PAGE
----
There are only 20,000 of the Samburu people living in Northern Kenya. They are distant cousins of the Maasai and they are nomadic herders. Since they live in a remote area their culture has remained mostly untouched. They believe that cameras capture their soul so photography is strictly forbidden unless they work at the lodge or beading center. We were staying at an amazing lodge that is basically the only place within a million acres. The only other people out here were the Samburu, so we had plenty of time to learn about them from our guides Mark, Malakay, Salat and Justin who is technically our armed park ranger.
First of all, it’s hot here. It’s even drier. There’s little water, and that bit of water is hard to get. The inhabitants have to resort to the back-breaking method of wells. During the 6 month dry season the water table drops. This means that the locals have to continuously dig lower and lower to keep up with the sinking water table.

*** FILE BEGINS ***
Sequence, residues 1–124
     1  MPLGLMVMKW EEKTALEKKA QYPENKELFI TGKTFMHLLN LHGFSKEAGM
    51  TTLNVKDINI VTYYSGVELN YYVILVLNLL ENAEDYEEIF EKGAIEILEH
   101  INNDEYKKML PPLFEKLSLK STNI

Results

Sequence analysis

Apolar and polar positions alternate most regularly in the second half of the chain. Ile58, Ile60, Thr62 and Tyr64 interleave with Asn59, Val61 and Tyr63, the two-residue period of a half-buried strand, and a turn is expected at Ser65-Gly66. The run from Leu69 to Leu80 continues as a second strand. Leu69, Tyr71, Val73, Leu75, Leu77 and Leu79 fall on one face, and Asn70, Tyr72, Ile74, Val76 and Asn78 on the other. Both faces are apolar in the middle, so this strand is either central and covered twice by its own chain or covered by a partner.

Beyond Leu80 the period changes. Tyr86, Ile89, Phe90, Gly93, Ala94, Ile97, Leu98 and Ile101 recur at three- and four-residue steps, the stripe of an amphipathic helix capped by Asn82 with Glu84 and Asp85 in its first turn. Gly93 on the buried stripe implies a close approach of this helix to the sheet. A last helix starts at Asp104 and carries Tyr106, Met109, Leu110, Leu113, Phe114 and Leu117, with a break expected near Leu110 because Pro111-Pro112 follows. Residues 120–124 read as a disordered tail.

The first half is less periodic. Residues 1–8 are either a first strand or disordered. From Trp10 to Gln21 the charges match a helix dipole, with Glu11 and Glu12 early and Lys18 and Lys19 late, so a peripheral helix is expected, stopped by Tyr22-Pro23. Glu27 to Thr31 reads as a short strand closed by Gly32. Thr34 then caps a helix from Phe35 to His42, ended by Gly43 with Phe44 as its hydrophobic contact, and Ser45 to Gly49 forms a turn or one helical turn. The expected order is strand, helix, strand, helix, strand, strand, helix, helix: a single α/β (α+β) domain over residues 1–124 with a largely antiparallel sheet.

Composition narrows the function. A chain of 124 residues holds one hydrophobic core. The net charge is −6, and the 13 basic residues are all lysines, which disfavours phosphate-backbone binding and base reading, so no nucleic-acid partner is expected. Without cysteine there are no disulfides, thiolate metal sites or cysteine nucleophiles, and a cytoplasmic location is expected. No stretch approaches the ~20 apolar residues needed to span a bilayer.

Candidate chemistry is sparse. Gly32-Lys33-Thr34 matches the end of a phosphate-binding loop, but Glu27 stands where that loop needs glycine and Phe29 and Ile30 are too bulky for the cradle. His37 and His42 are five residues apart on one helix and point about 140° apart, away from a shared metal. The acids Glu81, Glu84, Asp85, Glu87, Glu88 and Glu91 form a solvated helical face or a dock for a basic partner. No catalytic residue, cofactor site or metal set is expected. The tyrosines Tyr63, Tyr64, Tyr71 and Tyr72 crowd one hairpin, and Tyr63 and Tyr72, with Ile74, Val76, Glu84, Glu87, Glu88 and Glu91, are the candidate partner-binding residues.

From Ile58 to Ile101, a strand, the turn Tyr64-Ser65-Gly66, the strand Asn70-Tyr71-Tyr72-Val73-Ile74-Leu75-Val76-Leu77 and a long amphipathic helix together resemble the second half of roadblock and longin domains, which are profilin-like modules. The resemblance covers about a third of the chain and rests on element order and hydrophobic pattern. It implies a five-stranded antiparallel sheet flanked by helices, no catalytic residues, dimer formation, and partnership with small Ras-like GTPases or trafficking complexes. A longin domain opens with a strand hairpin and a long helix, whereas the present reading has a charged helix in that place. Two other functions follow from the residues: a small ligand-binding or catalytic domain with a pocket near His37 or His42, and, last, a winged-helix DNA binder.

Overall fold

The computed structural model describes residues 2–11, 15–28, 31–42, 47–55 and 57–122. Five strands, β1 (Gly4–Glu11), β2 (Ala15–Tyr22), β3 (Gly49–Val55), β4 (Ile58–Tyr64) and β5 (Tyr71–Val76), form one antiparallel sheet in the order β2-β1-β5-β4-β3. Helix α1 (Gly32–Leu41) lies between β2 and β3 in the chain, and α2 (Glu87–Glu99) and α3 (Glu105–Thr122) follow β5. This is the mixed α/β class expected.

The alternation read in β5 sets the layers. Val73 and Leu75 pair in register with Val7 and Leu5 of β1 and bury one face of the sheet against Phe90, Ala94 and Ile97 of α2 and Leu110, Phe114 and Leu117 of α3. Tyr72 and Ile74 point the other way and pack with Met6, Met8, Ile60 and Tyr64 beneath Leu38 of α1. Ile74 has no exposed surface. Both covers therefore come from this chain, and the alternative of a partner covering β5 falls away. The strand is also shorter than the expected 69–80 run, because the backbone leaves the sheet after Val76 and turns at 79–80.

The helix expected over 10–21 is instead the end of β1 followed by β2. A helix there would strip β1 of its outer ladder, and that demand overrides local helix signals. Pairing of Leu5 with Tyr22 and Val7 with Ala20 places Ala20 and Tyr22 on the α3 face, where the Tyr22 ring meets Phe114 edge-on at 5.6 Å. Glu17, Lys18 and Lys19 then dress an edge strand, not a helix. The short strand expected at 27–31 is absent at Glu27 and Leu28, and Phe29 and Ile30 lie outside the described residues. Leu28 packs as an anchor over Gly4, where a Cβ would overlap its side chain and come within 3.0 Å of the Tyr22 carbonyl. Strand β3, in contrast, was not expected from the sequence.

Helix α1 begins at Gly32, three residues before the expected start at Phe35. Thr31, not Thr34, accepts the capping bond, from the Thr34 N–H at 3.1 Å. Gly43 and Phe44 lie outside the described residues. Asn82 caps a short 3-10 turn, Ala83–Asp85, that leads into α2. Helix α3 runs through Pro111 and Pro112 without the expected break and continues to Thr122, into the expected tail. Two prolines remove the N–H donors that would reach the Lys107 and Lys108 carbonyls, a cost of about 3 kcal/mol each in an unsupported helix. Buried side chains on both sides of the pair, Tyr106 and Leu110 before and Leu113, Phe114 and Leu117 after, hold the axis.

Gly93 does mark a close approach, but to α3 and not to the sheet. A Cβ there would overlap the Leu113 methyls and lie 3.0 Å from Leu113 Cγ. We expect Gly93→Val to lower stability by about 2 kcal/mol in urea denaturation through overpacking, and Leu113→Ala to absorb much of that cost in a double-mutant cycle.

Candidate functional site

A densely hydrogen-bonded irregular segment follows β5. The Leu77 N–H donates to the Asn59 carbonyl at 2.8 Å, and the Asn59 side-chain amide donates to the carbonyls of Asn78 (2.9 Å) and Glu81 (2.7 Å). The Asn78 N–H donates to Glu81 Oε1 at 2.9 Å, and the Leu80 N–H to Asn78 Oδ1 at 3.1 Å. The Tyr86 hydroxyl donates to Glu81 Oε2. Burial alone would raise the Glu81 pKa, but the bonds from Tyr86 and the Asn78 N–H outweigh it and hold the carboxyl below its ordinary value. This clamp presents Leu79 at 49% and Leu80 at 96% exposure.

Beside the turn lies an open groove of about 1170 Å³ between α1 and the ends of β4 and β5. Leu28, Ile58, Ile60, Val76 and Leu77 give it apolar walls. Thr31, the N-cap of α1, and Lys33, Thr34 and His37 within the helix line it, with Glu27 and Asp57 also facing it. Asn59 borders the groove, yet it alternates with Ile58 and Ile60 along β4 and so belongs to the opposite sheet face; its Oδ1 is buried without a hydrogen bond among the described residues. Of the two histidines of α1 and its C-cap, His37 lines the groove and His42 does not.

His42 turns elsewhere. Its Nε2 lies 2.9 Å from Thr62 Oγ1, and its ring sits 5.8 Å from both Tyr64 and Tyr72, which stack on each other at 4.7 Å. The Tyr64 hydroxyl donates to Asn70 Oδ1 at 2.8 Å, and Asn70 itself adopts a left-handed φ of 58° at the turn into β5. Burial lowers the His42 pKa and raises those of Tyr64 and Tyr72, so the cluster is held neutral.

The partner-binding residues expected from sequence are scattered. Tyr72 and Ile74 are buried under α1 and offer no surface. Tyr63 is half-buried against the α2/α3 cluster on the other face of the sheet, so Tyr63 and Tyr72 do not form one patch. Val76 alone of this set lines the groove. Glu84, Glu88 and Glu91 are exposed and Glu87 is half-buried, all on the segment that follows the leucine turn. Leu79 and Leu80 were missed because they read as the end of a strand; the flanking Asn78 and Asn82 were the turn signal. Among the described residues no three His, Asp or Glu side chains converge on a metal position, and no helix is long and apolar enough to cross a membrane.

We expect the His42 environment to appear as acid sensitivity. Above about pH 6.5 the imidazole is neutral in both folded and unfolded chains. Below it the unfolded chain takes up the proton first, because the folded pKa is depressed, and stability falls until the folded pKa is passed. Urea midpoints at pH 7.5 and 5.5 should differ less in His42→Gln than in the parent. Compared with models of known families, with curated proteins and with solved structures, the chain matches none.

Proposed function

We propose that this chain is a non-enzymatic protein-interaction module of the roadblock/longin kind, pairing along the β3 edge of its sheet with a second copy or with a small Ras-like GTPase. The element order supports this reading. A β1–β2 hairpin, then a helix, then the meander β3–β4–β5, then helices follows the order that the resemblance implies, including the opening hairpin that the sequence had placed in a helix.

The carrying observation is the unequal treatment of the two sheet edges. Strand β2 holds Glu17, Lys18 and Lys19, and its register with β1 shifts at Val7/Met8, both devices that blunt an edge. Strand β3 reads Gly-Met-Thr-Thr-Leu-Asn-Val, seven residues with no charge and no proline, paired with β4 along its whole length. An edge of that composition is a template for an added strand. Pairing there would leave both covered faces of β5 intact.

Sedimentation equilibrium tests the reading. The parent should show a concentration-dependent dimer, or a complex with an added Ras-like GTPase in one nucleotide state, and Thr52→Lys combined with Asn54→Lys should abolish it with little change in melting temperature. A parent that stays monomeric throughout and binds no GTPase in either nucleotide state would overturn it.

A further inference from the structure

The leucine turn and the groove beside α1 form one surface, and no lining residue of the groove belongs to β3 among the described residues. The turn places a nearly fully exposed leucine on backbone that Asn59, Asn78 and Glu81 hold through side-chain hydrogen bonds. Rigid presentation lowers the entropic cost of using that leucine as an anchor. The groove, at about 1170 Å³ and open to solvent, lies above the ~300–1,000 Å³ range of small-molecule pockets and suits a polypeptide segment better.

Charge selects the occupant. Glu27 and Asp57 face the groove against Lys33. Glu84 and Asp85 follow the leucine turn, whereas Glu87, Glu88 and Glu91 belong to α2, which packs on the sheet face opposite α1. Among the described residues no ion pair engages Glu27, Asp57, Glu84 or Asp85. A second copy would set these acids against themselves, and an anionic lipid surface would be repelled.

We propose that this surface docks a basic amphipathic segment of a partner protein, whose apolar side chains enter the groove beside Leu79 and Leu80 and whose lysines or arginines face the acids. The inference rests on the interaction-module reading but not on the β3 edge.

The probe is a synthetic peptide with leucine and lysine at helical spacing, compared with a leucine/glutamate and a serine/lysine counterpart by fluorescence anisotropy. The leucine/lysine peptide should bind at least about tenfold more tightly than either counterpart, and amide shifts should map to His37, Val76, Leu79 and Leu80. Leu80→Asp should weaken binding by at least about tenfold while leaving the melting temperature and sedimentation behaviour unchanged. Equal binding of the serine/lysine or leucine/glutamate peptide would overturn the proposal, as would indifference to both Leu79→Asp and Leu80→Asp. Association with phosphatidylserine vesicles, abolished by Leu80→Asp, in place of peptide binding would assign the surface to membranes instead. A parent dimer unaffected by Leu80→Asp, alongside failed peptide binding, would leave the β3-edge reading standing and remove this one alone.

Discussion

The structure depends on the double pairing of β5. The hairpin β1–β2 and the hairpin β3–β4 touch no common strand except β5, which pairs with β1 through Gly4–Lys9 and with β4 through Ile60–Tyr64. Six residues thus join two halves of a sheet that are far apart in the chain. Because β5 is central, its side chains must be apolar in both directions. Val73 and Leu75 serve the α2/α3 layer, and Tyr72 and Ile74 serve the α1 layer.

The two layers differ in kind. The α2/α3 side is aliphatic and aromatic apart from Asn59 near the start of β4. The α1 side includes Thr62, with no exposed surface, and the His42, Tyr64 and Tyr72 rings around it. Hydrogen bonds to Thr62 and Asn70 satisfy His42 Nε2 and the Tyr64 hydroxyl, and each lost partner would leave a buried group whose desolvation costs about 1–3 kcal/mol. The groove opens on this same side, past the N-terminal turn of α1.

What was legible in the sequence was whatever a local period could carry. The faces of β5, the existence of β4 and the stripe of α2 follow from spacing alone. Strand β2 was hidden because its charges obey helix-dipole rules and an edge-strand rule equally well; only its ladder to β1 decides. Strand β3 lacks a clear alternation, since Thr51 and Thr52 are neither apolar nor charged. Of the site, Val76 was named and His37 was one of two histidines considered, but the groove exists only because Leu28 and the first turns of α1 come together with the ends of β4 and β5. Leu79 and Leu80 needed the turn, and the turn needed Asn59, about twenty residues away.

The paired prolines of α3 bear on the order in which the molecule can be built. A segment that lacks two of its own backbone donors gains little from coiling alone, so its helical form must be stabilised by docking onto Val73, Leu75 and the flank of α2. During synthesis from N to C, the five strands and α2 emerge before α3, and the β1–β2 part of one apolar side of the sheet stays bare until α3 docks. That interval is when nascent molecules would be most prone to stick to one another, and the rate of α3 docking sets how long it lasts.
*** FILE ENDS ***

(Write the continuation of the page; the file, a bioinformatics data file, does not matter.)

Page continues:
There are certain locations where many “singing wells” are dug. Each well belongs to only one family. While the (possibly naked) locals dig, they call to their goats in groups, or to their cows, and sing. The cow song is usually about the cow’s personality. That cow might be the most beautiful, it could be a very smart cow that warns when danger is imminent, it could be the cow that gives the most milk, or it could be something entirely different about the cow.
The song usually has a beat of duh-duh-duh-duh…dun-dun.
The animals are so smart that they follow the song to the correct well and only drink there.
While the person is singing, he will be scooping up water and pouring it into a trough from which the animals will then drink.
What happens if the well gets too deep for one person to man it? Multiple people will work it. The first part of the hole will have a platform to the side for stepping up and down, and the second person will be below it. The lowest person will scoop up water and pass it up. Occasionally the pail will accumulate more mud then dirt and it will have to be emptied out and passed back down.